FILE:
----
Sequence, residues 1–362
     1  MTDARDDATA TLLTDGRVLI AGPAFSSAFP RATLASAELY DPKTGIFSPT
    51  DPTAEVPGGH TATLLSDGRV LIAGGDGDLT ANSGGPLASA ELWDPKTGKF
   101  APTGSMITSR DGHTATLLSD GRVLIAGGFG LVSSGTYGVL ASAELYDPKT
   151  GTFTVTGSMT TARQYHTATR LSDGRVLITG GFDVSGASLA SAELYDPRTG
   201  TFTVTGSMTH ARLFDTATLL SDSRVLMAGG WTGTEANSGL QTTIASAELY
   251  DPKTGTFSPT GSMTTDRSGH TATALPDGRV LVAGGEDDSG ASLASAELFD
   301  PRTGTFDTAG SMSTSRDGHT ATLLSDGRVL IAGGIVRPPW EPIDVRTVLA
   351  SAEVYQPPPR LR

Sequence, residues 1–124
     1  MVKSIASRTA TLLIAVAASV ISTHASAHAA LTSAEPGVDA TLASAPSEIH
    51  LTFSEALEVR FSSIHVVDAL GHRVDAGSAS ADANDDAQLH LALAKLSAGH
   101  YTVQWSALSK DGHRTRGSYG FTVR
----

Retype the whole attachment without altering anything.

Sequence, residues 1–362
     1  MTDARDDATA TLLTDGRVLI AGPAFSSAFP RATLASAELY DPKTGIFSPT
    51  DPTAEVPGGH TATLLSDGRV LIAGGDGDLT ANSGGPLASA ELWDPKTGKF
   101  APTGSMITSR DGHTATLLSD GRVLIAGGFG LVSSGTYGVL ASAELYDPKT
   151  GTFTVTGSMT TARQYHTATR LSDGRVLITG GFDVSGASLA SAELYDPRTG
   201  TFTVTGSMTH ARLFDTATLL SDSRVLMAGG WTGTEANSGL QTTIASAELY
   251  DPKTGTFSPT GSMTTDRSGH TATALPDGRV LVAGGEDDSG ASLASAELFD
   301  PRTGTFDTAG SMSTSRDGHT ATLLSDGRVL IAGGIVRPPW EPIDVRTVLA
   351  SAEVYQPPPR LR

Sequence, residues 1–124
     1  MVKSIASRTA TLLIAVAASV ISTHASAHAA LTSAEPGVDA TLASAPSEIH
    51  LTFSEALEVR FSSIHVVDAL GHRVDAGSAS ADANDDAQLH LALAKLSAGH
   101  YTVQWSALSK DGHRTRGSYG FTVR